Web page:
The Symbolic Value of Leghari v Federation of Pakistan: Climate Change Adjudication in the Global South

Emily Marie Barritt, Boitumelo Sediti

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11 Citations (Scopus)
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Across the globe, citizens and environmental organisations are challenging governments on their failure to respond adequately to climate change. Leghari v Federation of Pakistan is a valuable example in this avalanche of climate change litigation. In a case brought by a drought effected Pakistani agriculturalist, the High Court of Lahore mandated the creation of a Climate Change Commission in order that urgent action be taken to address the impact of climate change in Pakistan. Leghari was the first climate change case from the Global South to attract world-wide scholarly and journalistic attention, emerging as it did at the same time as the far better publicised Urgenda Foundation v The State of Netherlands. The decision of the then Mr Justice Mansoor Ali Shah, now a Justice of the Supreme Court of Pakistan, was a bold example of transformative adjudication in pursuit of climate justice and is emblematic of the ‘rights turn’ in climate change litigation. It is also an important example of climate change adjudication from the Global South, which has not been as well documented as suits originating in the US, Australasia and Europe. Its significance, domestically and internationally, is therefore symbolic as well as practical. In this case note we unpack the decision in Leghari, highlight some of its notable features and to examine its particular importance for potential litigants the Global South.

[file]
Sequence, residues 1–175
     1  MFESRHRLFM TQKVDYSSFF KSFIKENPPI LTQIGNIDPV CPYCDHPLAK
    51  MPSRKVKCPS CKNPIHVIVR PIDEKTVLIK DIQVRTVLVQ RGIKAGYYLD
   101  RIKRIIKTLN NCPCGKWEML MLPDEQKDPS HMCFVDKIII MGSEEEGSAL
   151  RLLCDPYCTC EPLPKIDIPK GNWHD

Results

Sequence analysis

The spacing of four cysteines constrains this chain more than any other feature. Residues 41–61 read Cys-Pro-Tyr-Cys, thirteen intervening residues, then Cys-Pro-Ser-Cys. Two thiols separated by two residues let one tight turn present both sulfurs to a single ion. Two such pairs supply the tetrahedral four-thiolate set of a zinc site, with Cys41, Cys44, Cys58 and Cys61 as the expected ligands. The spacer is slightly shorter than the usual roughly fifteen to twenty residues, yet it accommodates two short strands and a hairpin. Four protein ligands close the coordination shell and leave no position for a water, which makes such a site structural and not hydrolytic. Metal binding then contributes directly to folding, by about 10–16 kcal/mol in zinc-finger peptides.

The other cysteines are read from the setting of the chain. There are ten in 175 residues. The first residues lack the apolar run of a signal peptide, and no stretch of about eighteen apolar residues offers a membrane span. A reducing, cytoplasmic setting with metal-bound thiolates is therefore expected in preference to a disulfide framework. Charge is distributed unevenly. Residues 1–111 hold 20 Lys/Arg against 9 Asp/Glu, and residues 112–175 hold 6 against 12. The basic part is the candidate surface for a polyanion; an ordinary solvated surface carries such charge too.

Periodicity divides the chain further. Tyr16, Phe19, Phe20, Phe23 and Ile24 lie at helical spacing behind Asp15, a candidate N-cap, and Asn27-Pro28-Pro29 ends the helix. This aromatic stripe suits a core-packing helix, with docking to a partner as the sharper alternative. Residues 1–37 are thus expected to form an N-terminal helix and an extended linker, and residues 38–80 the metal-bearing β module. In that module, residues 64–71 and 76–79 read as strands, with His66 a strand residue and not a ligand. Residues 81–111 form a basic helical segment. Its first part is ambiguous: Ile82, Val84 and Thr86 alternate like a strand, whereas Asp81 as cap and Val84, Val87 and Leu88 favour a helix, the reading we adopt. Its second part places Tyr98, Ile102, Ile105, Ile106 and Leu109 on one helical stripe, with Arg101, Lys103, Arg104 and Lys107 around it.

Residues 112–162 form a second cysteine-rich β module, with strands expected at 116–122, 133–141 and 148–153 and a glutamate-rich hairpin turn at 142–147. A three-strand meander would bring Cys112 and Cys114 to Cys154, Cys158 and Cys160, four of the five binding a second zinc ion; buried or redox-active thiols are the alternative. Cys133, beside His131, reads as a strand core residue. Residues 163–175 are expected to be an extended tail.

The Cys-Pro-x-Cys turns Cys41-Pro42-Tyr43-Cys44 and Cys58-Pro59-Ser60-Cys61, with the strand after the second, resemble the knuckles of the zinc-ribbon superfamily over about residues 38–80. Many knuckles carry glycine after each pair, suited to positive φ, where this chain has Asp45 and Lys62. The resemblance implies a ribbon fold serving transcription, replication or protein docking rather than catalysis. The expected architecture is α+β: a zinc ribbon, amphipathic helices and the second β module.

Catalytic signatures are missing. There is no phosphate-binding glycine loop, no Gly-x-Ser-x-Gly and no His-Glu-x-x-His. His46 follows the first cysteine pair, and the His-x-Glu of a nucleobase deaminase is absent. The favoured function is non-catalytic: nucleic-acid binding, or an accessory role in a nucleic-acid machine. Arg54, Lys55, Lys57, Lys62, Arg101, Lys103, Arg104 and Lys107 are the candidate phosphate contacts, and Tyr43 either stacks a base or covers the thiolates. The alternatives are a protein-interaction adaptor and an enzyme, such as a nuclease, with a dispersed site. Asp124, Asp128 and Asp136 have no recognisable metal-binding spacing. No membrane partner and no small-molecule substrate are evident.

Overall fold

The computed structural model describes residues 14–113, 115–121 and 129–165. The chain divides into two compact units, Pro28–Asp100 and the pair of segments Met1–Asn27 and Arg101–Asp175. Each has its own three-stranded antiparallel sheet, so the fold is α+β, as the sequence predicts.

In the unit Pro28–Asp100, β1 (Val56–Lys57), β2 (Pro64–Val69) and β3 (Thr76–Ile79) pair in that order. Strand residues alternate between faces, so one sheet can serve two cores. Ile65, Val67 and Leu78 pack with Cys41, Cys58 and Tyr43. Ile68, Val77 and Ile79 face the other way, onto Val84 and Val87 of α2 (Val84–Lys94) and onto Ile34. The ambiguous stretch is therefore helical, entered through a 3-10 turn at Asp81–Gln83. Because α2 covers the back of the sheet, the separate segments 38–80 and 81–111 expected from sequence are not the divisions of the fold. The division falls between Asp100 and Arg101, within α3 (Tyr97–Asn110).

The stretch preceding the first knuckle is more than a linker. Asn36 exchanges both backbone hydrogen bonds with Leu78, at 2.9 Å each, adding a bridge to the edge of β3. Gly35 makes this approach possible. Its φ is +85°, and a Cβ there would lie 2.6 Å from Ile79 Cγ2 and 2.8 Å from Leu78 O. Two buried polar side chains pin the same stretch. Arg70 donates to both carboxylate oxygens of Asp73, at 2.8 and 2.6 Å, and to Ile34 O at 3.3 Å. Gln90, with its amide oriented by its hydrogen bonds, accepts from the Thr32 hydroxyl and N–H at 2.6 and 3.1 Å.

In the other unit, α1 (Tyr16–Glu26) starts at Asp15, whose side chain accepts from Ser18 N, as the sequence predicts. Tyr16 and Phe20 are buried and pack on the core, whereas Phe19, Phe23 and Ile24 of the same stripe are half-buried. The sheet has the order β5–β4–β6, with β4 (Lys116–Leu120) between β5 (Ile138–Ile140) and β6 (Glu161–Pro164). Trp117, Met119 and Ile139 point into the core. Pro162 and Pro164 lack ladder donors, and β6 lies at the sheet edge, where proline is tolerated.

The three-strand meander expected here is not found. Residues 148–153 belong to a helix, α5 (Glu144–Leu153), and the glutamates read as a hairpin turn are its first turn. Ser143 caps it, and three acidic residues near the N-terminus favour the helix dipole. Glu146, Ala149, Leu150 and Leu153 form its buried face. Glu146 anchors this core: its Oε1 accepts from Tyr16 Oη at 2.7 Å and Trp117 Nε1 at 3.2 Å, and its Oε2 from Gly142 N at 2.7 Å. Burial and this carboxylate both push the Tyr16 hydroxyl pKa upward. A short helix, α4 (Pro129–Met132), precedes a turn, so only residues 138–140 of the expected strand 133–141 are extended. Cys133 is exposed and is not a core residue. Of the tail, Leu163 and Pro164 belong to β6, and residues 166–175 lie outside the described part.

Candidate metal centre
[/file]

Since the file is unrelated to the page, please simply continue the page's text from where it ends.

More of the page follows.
Original languageEnglish
Pages (from-to)203-210
Number of pages8
JournalKing's Law Journal
Issue number2
Early online date26 Aug 2019
Publication statusPublished - 2019


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